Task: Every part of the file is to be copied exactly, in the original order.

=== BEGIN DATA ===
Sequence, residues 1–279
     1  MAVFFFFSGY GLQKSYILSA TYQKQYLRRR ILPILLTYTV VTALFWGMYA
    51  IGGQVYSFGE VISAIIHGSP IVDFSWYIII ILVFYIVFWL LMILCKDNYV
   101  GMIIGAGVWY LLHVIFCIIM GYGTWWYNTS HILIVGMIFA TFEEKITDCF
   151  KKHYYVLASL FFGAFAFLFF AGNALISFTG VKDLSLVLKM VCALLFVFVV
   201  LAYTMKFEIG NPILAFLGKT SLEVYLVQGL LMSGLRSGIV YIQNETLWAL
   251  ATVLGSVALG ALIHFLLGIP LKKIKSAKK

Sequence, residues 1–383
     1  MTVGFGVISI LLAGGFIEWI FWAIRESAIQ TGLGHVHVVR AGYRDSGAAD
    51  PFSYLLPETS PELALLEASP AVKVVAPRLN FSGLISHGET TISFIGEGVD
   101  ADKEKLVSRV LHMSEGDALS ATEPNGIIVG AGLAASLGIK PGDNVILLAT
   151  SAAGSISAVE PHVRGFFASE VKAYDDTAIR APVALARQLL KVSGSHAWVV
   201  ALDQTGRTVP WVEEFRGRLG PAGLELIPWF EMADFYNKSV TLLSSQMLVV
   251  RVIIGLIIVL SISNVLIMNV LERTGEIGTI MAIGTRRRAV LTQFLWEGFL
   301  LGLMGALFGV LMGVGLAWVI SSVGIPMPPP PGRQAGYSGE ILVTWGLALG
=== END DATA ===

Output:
Sequence, residues 1–279
     1  MAVFFFFSGY GLQKSYILSA TYQKQYLRRR ILPILLTYTV VTALFWGMYA
    51  IGGQVYSFGE VISAIIHGSP IVDFSWYIII ILVFYIVFWL LMILCKDNYV
   101  GMIIGAGVWY LLHVIFCIIM GYGTWWYNTS HILIVGMIFA TFEEKITDCF
   151  KKHYYVLASL FFGAFAFLFF AGNALISFTG VKDLSLVLKM VCALLFVFVV
   201  LAYTMKFEIG NPILAFLGKT SLEVYLVQGL LMSGLRSGIV YIQNETLWAL
   251  ATVLGSVALG ALIHFLLGIP LKKIKSAKK

Sequence, residues 1–383
     1  MTVGFGVISI LLAGGFIEWI FWAIRESAIQ TGLGHVHVVR AGYRDSGAAD
    51  PFSYLLPETS PELALLEASP AVKVVAPRLN FSGLISHGET TISFIGEGVD
   101  ADKEKLVSRV LHMSEGDALS ATEPNGIIVG AGLAASLGIK PGDNVILLAT
   151  SAAGSISAVE PHVRGFFASE VKAYDDTAIR APVALARQLL KVSGSHAWVV
   201  ALDQTGRTVP WVEEFRGRLG PAGLELIPWF EMADFYNKSV TLLSSQMLVV
   251  RVIIGLIIVL SISNVLIMNV LERTGEIGTI MAIGTRRRAV LTQFLWEGFL
   301  LGLMGALFGV LMGVGLAWVI SSVGIPMPPP PGRQAGYSGE ILVTWGLALG